[12] Or, Xena becomes a Christian martyr dying for others. Yet we know what opinion she held of the Greek or Christian outlook. Would she have chosen this path of her own free will? Xena is a fantasy thus unnatural by nature yet what we know of her nature says she would have chosen, finally, otherwise. Xena makes her habitual statement: "Even in death, Gabrielle, I will not leave you." However, Xena lingers on only as dilute fantasy, as a phantom, a ghost. Does Xena not deserve to live out the logical outcome of her own growth during the past six years? If fantasy is faux logic then logic is dilute fantasy. [Note 10]

One last heroic pose before syndication
Copper and silver, Xena and bliss


[13] How old is our investment in fantasy? Think of the prophets in the Hebrew Bible [Note 11] who cut together events of the past with their own desires for Israel's future. Then their fantasy was rewritten as "biblical history". [Note 12] It is cut and paste, pure and simple from another age. In our own time Jim Smith characterizes Xena: Warrior Princess as "a television series unlike any other, the very embodiment of nineties cut-and-paste culture".[Note 13] However, the cut-and-paste aesthetic has flourished for millennia.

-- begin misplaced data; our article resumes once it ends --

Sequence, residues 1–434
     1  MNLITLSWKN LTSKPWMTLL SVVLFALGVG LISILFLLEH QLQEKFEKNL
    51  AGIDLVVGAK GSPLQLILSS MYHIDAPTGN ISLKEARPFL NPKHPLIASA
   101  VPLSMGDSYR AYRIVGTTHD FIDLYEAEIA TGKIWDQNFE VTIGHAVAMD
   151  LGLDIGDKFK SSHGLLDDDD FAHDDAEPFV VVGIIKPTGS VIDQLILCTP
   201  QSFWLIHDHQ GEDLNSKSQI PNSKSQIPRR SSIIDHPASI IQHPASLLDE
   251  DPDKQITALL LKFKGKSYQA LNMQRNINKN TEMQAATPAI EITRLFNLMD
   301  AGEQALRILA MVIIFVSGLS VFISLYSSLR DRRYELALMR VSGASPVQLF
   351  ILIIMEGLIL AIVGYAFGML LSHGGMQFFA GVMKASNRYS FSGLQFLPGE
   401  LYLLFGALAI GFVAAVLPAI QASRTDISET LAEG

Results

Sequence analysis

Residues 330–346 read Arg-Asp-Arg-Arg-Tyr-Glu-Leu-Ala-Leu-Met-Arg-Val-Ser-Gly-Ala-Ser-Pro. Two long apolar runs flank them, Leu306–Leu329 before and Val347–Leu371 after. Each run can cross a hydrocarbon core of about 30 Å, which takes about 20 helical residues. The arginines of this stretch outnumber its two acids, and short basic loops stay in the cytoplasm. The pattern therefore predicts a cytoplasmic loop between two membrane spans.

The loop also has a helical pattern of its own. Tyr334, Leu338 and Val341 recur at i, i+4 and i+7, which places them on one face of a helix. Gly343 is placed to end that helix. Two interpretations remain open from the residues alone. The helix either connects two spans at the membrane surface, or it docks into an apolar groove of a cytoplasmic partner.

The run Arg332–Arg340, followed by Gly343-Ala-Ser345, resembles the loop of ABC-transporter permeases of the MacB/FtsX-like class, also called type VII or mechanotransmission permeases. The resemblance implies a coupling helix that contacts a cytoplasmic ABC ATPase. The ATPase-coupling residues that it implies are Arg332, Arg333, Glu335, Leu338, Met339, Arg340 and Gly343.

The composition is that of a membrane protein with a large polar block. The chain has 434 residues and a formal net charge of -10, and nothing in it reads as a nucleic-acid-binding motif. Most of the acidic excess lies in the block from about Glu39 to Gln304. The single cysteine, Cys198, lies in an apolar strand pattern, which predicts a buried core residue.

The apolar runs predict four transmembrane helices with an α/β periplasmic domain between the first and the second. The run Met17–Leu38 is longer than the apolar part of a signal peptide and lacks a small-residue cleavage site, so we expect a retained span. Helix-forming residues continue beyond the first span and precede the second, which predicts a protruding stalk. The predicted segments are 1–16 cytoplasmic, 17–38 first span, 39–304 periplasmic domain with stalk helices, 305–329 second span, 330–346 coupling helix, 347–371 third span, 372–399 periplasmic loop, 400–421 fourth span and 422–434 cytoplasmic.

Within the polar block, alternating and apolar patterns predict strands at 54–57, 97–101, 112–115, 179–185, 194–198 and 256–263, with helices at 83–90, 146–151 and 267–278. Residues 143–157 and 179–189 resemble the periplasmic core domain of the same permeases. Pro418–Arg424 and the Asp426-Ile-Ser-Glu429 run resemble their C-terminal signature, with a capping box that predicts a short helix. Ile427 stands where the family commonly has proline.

[14] Xena is facing death, she is facing death alone, and she closes her eyes to look within for strength. Just for a moment, it is not the power of the sword she is seeking. She escapes into reflection. Nor does any word comfort her. She is an image alone. She remains in the imagination well after the finale.